Causes of Foundation Failure in Buildings
Foundation failure in a building can be attributed to several things. Most commonly foundation failure is caused by the movement of expansive and highly plastic soils beneath different sections of the foundation footings.
This movement of soil can be in the form of shrinkage, which causes settlement, or expansion, which causes heave. When dry conditions prevail, soils consistently lose moisture and shrink. When moisture levels are high, soils swell.
Regardless of the nature of the movement, it will most likely manifest itself in the form of visible cracks in the foundation walls, exterior brick walls, or interior sheetrock or plaster walls. Officially, any structure movement is known as differential settlement.
In addition to expansive soils, subsurface peat, which has a low bearing capacity and deteriorates over time, can also cause differential settlement. Other soil types such as sand and silt also have lower than required bearing capacities.
Poor drainage from yard run-off and gutter downspouts discharging at the base of the foundation are among other causes. Excess moisture around the foundation can cause the soils to become over-saturated and lose “bearing pressure,” or the strength to support weight. When this happens, structures “settle” or sink into the ground.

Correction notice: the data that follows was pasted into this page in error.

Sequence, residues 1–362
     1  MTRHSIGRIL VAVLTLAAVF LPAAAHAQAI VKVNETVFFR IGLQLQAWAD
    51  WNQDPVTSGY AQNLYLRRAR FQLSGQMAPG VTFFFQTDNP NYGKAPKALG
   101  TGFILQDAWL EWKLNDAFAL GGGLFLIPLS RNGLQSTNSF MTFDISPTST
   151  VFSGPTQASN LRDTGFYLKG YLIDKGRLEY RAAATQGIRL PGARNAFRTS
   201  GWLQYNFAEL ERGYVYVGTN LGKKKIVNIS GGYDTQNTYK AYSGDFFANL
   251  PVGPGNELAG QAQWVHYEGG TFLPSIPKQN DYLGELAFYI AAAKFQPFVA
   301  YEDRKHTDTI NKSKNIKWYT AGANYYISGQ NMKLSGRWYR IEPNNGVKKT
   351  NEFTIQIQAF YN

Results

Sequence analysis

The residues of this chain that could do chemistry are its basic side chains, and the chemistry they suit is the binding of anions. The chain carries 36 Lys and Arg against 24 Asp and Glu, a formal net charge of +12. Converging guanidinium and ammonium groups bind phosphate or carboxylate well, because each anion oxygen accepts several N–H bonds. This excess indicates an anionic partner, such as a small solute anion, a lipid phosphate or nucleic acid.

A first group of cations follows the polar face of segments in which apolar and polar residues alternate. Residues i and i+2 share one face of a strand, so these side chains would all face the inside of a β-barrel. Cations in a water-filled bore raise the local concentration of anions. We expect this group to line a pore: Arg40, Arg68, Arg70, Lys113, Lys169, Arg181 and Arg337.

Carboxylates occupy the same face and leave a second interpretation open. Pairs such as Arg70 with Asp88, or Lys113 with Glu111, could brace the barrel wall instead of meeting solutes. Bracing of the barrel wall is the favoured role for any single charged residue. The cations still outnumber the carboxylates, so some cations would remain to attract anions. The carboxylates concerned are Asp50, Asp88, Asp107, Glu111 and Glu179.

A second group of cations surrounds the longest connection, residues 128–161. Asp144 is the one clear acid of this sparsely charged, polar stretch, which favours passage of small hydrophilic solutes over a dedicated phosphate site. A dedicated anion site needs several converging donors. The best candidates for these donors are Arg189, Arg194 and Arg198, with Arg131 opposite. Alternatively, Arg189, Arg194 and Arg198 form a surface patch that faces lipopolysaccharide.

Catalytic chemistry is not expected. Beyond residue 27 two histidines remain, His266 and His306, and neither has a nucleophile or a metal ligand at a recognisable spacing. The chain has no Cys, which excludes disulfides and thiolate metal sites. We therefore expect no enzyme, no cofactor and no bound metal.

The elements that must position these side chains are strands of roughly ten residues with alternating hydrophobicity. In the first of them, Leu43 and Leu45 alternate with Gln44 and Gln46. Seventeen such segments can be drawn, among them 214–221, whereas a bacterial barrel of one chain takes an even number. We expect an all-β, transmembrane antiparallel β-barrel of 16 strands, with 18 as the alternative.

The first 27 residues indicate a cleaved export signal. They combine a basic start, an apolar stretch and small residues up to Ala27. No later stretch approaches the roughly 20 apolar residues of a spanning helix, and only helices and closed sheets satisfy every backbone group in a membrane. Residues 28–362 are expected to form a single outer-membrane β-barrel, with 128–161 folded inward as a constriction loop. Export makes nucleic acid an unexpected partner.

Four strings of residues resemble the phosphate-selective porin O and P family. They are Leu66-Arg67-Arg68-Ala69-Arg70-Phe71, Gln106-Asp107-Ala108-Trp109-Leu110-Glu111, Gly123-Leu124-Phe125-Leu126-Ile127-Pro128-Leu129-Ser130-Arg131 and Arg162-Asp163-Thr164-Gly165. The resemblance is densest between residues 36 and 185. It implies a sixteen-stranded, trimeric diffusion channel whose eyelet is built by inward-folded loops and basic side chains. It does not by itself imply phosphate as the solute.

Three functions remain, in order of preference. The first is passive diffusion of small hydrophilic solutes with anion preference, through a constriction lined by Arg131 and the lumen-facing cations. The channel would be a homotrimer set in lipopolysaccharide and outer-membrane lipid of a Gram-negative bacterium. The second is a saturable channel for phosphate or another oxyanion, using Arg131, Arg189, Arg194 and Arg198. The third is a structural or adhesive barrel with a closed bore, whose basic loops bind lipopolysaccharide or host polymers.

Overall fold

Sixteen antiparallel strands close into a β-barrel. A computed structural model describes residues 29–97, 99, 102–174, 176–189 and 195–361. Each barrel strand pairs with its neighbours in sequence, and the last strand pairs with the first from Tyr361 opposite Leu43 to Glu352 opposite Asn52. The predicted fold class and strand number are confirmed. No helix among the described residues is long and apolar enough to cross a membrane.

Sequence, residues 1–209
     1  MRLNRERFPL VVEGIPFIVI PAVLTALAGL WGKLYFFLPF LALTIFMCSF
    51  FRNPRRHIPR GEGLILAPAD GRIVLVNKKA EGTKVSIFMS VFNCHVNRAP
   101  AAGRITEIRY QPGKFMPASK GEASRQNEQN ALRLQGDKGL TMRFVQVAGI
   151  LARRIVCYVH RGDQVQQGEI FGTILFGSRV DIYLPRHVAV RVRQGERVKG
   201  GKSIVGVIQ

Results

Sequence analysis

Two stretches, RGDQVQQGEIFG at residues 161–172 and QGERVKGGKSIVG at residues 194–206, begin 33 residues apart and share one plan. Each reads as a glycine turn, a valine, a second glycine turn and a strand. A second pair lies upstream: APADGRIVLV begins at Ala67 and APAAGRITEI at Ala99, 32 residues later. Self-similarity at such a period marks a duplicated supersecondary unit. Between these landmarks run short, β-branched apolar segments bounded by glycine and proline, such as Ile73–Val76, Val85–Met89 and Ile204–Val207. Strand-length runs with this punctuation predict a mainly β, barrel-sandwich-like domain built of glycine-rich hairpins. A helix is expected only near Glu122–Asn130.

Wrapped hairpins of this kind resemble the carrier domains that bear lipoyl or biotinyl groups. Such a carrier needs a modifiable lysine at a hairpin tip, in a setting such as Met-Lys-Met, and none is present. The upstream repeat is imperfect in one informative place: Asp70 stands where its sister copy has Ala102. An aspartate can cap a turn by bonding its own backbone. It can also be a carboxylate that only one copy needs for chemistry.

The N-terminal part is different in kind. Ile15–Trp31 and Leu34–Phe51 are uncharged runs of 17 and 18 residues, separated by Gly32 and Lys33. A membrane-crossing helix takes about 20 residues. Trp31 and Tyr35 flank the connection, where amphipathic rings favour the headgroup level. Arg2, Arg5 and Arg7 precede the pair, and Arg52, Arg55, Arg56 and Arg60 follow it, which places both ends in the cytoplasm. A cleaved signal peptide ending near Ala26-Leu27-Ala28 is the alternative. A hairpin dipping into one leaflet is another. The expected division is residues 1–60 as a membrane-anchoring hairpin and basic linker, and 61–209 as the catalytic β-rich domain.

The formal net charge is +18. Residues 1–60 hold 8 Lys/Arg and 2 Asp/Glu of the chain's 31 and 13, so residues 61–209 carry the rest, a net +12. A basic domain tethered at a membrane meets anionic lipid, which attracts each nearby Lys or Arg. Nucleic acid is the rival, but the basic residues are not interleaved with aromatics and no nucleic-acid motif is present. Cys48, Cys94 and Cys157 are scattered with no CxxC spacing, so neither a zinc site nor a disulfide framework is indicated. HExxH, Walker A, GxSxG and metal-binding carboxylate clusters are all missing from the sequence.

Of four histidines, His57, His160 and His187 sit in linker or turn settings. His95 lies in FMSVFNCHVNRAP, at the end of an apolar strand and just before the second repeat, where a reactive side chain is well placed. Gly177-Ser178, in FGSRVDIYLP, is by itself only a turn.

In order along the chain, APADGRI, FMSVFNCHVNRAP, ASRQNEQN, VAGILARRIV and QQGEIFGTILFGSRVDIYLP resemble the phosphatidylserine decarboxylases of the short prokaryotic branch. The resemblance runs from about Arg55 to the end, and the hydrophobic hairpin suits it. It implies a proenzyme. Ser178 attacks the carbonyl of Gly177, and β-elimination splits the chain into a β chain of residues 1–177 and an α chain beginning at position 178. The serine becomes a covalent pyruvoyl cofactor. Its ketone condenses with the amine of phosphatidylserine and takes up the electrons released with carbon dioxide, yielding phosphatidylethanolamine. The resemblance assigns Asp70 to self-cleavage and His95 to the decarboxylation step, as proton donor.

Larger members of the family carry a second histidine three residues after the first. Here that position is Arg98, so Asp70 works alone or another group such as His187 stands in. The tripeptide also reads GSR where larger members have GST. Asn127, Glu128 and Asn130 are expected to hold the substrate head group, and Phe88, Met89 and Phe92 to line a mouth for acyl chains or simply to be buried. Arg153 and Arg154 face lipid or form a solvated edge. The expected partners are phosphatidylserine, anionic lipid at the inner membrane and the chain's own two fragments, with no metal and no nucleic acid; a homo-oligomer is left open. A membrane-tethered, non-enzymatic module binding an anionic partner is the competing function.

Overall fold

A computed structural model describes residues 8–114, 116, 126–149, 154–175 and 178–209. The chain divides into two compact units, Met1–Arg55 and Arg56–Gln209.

If soil and water control problems weren’t bad enough, there is also the issue of transpiration. Transpiration is a fancy word for the process of trees and large plantings absorbing the water from the soils beneath and around your home.
During an active season, roots extending beneath and around the footings of the house can remove moisture from the soil, causing it to become desiccated. Again, where expansive soils exist this removal of moisture will cause soil shrinkage and settlement.
Plumbing leaks are another major contributor to foundation settlement. Inundating the foundation with water from your home’s pipes will cause foundation failure, as would poor drainage on the outside.
Poor construction sometimes causes settlement in homes, but only rarely.